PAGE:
"I’ll just say it, it’s no different than McCarthyism," he told Page Six on Monday, comparing it to the wave of anti-communist fear that targeted Hollywood elites in the 1940s, spurred by Sen. Joseph McCarthy.
Comedians' jobs are to "satirize what’s going on in society and point out the hypocrisies," Lovitz said. "Cancel culture" has made that increasingly difficult, he added.
"As soon as you say to a comedian like me, 'You can’t say that,' the first thing in my head is, 'Oh, and now I have to,'" Lovitz told Page Six.
Lovitz, who has appeared in numerous films, including the 2001 flick "Rat Race," said he won't alter his act to appease people who are sensitive and can't take a joke.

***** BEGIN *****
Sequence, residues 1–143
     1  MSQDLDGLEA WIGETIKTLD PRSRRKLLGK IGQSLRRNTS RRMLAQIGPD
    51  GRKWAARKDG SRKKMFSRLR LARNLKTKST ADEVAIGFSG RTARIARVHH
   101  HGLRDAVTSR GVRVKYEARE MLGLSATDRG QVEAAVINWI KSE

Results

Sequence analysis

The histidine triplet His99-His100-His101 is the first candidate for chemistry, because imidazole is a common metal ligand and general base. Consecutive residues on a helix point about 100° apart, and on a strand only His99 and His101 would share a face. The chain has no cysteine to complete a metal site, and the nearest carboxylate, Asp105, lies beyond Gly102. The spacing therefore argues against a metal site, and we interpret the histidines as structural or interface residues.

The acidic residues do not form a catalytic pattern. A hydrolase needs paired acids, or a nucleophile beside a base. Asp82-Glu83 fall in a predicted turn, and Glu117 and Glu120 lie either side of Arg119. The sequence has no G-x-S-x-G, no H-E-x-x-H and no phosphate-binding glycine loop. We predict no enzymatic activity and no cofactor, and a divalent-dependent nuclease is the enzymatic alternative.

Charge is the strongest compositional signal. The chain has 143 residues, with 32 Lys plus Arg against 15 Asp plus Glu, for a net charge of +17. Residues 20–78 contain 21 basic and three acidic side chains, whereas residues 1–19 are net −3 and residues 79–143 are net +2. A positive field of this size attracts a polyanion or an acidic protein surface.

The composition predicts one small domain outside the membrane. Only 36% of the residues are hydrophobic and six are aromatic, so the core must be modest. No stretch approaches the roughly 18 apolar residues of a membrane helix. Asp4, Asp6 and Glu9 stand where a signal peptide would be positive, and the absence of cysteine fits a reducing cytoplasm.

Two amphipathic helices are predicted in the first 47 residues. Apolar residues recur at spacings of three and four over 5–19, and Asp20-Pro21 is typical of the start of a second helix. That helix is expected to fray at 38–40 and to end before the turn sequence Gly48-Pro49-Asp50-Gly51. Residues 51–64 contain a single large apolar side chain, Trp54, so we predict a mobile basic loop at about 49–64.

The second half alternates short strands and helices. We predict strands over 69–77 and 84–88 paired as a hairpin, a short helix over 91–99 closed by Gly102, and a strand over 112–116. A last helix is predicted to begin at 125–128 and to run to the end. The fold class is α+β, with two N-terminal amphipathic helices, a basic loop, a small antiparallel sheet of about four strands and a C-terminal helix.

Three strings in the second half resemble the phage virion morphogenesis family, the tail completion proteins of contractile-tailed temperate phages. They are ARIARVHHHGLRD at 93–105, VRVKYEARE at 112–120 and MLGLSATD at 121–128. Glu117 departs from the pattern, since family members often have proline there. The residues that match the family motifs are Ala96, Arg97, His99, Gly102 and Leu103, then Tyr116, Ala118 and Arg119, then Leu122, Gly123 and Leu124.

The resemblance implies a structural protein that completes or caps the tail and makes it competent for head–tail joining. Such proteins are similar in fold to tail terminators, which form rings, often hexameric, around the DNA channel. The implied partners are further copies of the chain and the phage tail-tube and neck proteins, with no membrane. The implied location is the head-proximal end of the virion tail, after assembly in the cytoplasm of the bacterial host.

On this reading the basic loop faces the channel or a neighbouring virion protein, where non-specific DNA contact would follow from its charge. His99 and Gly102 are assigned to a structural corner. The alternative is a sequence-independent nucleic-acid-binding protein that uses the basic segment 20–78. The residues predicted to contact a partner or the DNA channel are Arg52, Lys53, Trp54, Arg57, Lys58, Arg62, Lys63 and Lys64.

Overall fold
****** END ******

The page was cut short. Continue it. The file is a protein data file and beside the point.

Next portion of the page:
"If you don’t have the ability to laugh at yourself, don’t go to a comedy club," he said, adding, "If you’re watching TV and you don’t like the show, change the channel. It’s very simple."
Lovitz doubled-down on his message in a Friday tweet in which he shared Page Six's story.
"I’ve seen innocent friends lose their careers," he wrote alongside the article. "It’s enough."
I’ve seen innocent friends lose their careers.— Jon Lovitz (@realjonlovitz) June 11, 2021